There have been events that incriminate public school teachers and other employees for having improper sexual influence and connection with their students have occurred across the country. Having students fall victim to sexual predators within a safe establishment during school, school outing, or even when participating in after school activities is unacceptable and causes potential for liability charges.
In student injury cases such as Hansen vs… Board of Education, the court observed a pattern with careless hiring, neglectful supervision, and unconcerned retention. It is important to cautiously screen all candidates, conduct suitable evaluations, and to create an environment that allows teachers to have witnesses. This environment will provide adequate monitoring and a comfortable environment for staff and students. In Kelly G. Board of Education of the City of Yonkers, a student and her guardians filed a lawsuit to retrieve damages for what they described as negligence and sexual harassment by a school music teacher. The plaintiff stated that the music teacher made vulgar and improper sexual statements towards her as well as inappropriately couched her in sexual way. When this trial came to court, it was dismissed, the complaint granting Judgment to the defendants. The plaintiffs requested another trial that would focus on the negligence of proper supervision of students.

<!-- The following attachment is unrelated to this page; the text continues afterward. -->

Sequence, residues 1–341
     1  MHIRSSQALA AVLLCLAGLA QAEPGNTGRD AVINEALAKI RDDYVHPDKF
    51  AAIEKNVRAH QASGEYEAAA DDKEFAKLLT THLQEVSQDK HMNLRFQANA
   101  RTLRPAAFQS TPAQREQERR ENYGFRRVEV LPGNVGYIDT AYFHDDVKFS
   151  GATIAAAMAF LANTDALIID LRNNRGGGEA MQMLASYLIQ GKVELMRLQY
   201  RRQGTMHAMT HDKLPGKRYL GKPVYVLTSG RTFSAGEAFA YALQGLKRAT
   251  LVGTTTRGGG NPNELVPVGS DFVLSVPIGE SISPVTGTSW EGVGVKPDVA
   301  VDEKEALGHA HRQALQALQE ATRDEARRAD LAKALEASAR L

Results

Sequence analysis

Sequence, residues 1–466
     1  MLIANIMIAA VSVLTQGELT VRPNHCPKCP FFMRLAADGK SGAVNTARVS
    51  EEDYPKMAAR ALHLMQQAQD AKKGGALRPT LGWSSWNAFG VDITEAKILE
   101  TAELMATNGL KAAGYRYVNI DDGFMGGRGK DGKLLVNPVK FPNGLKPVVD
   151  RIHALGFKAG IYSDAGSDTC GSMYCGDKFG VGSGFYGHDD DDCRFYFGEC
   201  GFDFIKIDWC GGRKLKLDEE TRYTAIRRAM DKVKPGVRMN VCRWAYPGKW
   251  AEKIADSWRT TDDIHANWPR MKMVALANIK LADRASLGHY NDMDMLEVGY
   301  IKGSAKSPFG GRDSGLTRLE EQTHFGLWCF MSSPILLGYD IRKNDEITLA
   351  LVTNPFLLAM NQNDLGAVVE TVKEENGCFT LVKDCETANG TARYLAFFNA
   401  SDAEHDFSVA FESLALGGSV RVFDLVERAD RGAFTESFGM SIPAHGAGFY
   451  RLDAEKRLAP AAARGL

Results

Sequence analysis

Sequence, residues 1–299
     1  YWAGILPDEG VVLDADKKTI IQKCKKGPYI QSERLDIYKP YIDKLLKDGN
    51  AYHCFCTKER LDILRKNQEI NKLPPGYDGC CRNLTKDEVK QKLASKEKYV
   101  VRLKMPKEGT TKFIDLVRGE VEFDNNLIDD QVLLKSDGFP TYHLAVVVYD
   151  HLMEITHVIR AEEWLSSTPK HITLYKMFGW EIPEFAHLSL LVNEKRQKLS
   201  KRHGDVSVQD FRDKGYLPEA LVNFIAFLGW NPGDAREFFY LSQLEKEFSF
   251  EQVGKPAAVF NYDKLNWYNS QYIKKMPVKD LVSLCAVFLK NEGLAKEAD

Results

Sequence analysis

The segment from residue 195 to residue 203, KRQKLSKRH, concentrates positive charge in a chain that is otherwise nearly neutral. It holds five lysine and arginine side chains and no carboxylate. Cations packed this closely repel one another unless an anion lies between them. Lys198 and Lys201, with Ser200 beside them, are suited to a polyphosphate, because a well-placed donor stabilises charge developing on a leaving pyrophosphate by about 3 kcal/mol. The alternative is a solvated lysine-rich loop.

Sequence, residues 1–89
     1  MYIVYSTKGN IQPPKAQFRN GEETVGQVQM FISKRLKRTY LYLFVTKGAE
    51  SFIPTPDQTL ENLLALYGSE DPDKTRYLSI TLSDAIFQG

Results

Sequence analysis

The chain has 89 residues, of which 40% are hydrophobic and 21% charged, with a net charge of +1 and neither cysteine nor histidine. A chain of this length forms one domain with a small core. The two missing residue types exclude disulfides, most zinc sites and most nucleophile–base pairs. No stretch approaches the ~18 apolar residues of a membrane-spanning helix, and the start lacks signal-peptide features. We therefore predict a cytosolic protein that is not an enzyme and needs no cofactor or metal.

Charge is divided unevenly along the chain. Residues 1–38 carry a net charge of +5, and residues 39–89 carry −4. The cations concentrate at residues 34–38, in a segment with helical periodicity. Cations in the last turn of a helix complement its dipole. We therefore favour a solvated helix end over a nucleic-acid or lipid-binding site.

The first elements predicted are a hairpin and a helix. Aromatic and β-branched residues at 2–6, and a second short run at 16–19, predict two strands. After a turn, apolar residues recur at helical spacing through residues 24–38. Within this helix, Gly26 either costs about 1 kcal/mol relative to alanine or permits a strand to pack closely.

The Supreme Court of New York Appellate Division Rational Decision stated that the governing council for schools could not be held accountable for the teachers’ actions, but it can be held accountable for careless hiring, neglectful supervision, and unconcerned retention. Various court decisions state that a “necessary element of such causes of action is that the employer knew or should of known of the employee’s propensity for conduct which caused the injury. Also, the court stated that, “a school owes a duty to adequately supervise the students in its care, and may be held liable for foreseen injuries proximately related to the absence of adequate supervision. ” To tell whether or not the schools supervision of the students was breached it must be compared to that of a parent placed in the same circumstance with the same knowledge as the administration. The plaintiff also referenced in whether or not the overseeing council for schools should have known that the teacher was going to have improper influence or connection with students.
The plaintiff had supporting evidence that this teacher already was disciplined at a previous school for comparable complaints by another female student. The Board of Education stated that he had committed “unacceptable and inappropriate conduct,” and received a suspension without pay for one school year. The trial court made a mistake in dismissing of the plaintiffs’ claims. The court’s decision was based on evaluating unethical behaviors between staff and student.